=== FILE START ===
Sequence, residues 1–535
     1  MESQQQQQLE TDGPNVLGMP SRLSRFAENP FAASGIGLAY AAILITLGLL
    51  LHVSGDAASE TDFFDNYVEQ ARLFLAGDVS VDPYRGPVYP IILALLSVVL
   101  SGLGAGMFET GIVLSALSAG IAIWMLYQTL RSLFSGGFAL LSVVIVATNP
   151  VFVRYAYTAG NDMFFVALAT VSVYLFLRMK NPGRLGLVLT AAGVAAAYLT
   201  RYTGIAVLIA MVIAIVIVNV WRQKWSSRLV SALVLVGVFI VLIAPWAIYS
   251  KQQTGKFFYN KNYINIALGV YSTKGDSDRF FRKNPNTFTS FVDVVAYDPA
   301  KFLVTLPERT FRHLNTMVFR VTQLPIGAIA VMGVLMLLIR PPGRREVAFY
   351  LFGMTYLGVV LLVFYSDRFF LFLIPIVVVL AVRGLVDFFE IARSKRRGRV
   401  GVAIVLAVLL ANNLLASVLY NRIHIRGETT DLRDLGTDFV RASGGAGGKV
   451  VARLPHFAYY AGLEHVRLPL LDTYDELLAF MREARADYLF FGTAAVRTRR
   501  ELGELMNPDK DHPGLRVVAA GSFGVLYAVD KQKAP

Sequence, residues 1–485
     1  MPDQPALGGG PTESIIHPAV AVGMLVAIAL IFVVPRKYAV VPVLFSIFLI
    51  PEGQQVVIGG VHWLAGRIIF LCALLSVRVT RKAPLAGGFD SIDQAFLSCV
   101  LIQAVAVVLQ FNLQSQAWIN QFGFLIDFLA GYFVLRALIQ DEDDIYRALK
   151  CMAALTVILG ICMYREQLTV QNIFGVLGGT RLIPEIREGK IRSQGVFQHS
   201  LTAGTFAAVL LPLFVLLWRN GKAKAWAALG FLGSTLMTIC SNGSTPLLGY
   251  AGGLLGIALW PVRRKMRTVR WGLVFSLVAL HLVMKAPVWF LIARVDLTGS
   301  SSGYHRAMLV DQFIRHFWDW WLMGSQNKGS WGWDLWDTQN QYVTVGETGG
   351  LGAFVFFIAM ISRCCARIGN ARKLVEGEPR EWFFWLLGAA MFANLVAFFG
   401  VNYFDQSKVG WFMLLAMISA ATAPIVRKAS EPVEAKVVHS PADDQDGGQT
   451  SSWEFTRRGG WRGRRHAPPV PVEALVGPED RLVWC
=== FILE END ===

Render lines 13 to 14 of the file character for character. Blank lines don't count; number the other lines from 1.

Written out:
Sequence, residues 1–485
     1  MPDQPALGGG PTESIIHPAV AVGMLVAIAL IFVVPRKYAV VPVLFSIFLI